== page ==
Another round of public meetings at the same locations was held in August 2015 to gather input for the assessment phase of plan revision. Participants were provided an overview of the assessment process, including the 15 topics identified in the 2012 Planning Rule. Opportunities were also provided for stakeholders to share knowledge, plans, and data for the assessment. This input was used in the development of parts of the ecological, and social, cultural and economic sections of the Start Printed Page 19203assessment including a section devoted to stakeholder input in most chapters.

In February 2016, the Gila NF and the Southwestern Regional Office participated in the 6th Natural History of the Gila Symposium hosted by Western New Mexico University. Ecological assessment data and analysis approaches were presented, including: an overview of forest plan revision, the analysis framework, state and transition modeling, vegetation, soil, water, at-risk species and a history of insects and disease.

The Forest released the draft assessment report in September 2016 and draft need-for-change document in October 2016 to the public and other stakeholders for feedback. Community meetings were held in communities surrounding the Forest (including Las Cruces) in late October to early November 2016 to discuss assessment key findings, collaborate to determine needs-for-change to the current plan, and continue the dialogue between the Forest and nearby residents, users, and interested individuals. All meeting materials have been posted online at http://go.usa.gov/​h88k to provide an opportunity for people that couldn't attend the meetings to be able to view the materials, and to provide feedback. The Forest received 78 emails, letters, and forms providing feedback on the draft assessment report and need-for-change document, which were all considered as the Gila NF revised and finalized the documents. Stakeholder engagement will continue throughout the upcoming plan and EIS development.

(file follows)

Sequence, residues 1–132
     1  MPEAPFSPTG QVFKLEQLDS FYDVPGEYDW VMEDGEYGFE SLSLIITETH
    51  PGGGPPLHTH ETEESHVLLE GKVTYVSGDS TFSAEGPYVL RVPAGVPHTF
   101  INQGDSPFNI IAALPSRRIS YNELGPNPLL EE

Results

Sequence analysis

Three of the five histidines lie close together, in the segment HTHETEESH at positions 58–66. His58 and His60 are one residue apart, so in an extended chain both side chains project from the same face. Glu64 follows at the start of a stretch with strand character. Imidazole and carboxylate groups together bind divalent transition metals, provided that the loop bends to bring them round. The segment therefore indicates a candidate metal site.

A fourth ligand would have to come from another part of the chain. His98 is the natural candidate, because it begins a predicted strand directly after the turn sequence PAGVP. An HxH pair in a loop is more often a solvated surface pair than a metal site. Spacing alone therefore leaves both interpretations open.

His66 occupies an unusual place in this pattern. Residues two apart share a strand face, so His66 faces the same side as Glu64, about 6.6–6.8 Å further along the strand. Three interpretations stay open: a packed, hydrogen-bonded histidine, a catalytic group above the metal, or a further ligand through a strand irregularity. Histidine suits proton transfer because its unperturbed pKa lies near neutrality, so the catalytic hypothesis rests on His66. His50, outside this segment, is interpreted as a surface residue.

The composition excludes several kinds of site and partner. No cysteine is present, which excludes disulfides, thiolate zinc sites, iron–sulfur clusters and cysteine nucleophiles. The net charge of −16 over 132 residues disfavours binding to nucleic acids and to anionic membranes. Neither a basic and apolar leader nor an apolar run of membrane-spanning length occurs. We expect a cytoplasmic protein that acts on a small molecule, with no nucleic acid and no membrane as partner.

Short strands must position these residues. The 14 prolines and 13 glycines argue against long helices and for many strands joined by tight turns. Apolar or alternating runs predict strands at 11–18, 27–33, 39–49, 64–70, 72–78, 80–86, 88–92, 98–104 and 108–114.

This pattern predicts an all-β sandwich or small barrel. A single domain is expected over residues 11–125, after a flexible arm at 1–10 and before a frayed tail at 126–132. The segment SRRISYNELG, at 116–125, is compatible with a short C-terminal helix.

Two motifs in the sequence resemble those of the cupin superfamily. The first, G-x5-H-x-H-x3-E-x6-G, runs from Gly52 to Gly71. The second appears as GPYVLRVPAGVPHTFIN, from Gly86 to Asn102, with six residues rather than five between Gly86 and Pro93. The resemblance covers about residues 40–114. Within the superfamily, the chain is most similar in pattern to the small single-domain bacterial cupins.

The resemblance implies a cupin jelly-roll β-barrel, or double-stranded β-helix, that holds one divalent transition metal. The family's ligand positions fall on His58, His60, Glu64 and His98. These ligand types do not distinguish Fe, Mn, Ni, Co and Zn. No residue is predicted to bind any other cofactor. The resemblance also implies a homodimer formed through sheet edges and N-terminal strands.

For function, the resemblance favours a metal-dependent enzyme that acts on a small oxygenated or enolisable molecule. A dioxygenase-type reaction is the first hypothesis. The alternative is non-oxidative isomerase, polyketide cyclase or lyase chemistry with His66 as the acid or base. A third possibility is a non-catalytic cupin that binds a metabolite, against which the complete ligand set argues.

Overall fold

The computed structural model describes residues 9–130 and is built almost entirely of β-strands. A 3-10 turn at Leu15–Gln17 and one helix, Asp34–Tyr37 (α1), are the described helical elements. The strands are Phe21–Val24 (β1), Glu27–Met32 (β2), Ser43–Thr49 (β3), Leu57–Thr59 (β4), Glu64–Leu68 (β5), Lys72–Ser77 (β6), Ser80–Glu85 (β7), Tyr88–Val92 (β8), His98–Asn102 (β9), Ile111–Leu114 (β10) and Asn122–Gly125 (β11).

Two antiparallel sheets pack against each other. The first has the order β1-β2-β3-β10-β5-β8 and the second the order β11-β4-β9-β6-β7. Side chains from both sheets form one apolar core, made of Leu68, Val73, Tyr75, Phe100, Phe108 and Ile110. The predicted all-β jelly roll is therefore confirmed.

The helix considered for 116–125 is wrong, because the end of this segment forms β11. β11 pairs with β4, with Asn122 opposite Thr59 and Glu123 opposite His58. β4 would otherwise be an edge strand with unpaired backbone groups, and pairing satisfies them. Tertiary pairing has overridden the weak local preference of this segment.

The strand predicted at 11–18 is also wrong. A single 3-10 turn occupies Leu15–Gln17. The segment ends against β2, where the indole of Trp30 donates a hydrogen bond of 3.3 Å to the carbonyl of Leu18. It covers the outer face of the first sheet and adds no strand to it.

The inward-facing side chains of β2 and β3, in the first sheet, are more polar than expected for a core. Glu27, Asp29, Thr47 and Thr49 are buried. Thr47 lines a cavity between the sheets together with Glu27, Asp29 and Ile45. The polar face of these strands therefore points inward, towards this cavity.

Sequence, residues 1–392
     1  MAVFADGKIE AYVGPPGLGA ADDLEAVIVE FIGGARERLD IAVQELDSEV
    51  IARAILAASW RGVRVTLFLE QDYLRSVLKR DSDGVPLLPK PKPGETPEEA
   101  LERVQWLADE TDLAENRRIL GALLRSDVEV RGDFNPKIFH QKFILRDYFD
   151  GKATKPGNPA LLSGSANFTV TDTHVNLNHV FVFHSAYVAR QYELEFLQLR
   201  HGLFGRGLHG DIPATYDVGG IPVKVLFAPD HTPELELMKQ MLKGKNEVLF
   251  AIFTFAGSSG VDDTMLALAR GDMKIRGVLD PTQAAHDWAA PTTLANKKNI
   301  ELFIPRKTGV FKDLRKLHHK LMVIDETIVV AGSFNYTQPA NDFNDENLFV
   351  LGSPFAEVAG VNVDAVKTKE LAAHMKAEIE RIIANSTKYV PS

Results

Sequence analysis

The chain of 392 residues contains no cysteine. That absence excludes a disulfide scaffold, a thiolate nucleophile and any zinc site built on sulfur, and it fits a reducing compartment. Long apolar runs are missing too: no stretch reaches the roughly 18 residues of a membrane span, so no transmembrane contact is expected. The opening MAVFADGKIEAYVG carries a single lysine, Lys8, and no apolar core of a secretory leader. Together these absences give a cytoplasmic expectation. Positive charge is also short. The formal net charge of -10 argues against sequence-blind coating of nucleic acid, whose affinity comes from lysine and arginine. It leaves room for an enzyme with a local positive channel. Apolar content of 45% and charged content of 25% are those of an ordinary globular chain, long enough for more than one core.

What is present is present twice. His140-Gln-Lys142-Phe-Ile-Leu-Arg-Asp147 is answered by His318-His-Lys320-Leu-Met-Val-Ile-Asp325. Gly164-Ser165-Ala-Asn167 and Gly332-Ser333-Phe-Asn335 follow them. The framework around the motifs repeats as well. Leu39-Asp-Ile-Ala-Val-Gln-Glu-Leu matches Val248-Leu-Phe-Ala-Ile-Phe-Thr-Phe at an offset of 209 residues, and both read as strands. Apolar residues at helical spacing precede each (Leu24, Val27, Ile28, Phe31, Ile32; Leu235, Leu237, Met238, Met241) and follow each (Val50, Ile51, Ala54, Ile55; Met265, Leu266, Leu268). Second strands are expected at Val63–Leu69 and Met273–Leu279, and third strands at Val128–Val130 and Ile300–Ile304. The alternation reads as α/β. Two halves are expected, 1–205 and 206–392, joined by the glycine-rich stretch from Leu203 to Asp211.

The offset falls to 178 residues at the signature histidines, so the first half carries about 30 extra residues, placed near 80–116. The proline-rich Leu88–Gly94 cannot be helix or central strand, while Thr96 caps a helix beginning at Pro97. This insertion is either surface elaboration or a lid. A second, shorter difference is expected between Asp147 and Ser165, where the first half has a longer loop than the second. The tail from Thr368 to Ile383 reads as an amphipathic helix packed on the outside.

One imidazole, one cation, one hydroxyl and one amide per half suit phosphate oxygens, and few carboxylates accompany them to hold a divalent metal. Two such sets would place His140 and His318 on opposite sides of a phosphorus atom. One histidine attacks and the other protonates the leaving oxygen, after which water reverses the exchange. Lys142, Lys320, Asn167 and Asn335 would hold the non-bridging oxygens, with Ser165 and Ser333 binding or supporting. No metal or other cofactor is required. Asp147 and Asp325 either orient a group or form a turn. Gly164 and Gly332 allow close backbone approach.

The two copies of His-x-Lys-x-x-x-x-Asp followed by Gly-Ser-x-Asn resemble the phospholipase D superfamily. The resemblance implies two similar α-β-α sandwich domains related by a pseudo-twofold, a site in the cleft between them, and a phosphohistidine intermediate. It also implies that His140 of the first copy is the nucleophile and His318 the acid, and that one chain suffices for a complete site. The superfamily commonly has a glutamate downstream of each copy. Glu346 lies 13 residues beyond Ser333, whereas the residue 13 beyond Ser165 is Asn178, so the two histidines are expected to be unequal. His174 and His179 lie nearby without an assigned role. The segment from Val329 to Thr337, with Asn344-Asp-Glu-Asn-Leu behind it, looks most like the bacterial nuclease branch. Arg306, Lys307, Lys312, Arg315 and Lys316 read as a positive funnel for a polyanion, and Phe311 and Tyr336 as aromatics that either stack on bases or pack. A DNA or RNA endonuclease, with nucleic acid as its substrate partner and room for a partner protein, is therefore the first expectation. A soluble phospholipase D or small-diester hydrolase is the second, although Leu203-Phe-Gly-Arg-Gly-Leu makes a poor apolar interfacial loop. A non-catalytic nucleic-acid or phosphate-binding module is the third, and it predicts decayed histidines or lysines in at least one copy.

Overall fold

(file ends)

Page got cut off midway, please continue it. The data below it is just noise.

Scoping Process

Written comments received in response to this notice will be analyzed to complete the identification of the needs for change to the existing plan, further develop the proposed action, and identify potential significant issues. Significant issues will, in turn, form the basis for developing alternatives to the proposed action. Comments on the preliminary needs for change and proposed action will be most valuable if received by [45 days from date of publication in the Federal Register], and should clearly articulate the reviewer's opinions and concerns. Comments received in response to this notice, including the names and addresses of those who comment, will be part of the public record. Comments submitted anonymously will be accepted and considered in the NEPA process; however, anonymous comments will not provide the Agency with the ability to provide the respondent with subsequent environmental documents, nor will anonymous comments provide standing to the commenter for the eventual Objection process. See the below Objection process material, particularly the requirements for filing an objection, for how anonymous comments are handled during the objection process. Refer to the Forest's Web site (http://go.usa.gov/​h88k) for information on when public meetings will be scheduled for refining the proposed action and identifying possible alternatives to the proposed action.

Applicable Planning Rule

Preparation of the revised forest plan for the Gila National Forest began with the publication of a Notice of Assessment Initiation in the Federal Register on May 18, 2015 (80 FR 28222) and was initiated under the planning procedures contained in the 2012 Forest Service planning rule (36 CFR 219 (2012)).

Permits or Licenses Required To Implement the Proposed Action

No permits or licenses are needed for the development or revision of a forest plan.

Decisions Will Be Subject to Objection

The decision to approve the revised forest plan for the Gila National Forest will be subject to the objection process identified in 36 CFR part 219 Subpart B (219.50 to 219.62). According to 36 CFR 219.53(a), those who may file an objection are individuals and entities who have submitted substantive formal comments related to plan revision during the opportunities provided for public comment during the planning process.

Documents Available for Review

The Needs for Change documentation, the Assessment Report, summaries of the public meetings and public meeting materials, and public comments are posted on the Forest's Web site at: http://go.usa.gov/​h88k. As necessary or appropriate, the material available on this site will be further adjusted as part of the planning process using the provisions of the 2012 planning rule.

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Authority: 16 U.S.C. 1600-1614; 36 CFR part 219 [77 FR 21260-21273].

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Dated: April 13, 2017.

Glenn Casamassa,

Associate Deputy Chief, National Forest System.

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[FR Doc. 2017-08407 Filed 4-25-17; 8:45 am]